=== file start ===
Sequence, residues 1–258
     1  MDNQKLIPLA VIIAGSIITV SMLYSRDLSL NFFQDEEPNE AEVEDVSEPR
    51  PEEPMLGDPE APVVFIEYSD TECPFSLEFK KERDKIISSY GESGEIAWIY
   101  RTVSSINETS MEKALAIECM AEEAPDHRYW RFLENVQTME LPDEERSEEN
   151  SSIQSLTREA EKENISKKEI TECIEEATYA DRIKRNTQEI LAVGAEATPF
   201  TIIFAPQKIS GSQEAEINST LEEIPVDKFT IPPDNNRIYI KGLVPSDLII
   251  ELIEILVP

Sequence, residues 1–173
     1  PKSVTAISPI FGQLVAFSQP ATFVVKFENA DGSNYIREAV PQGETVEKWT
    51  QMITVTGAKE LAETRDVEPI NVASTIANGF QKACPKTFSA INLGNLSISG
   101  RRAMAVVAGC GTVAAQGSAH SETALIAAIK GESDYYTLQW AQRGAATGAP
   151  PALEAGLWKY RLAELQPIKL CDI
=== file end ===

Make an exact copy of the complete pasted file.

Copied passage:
Sequence, residues 1–258
     1  MDNQKLIPLA VIIAGSIITV SMLYSRDLSL NFFQDEEPNE AEVEDVSEPR
    51  PEEPMLGDPE APVVFIEYSD TECPFSLEFK KERDKIISSY GESGEIAWIY
   101  RTVSSINETS MEKALAIECM AEEAPDHRYW RFLENVQTME LPDEERSEEN
   151  SSIQSLTREA EKENISKKEI TECIEEATYA DRIKRNTQEI LAVGAEATPF
   201  TIIFAPQKIS GSQEAEINST LEEIPVDKFT IPPDNNRIYI KGLVPSDLII
   251  ELIEILVP

Sequence, residues 1–173
     1  PKSVTAISPI FGQLVAFSQP ATFVVKFENA DGSNYIREAV PQGETVEKWT
    51  QMITVTGAKE LAETRDVEPI NVASTIANGF QKACPKTFSA INLGNLSISG
   101  RRAMAVVAGC GTVAAQGSAH SETALIAAIK GESDYYTLQW AQRGAATGAP
   151  PALEAGLWKY RLAELQPIKL CDI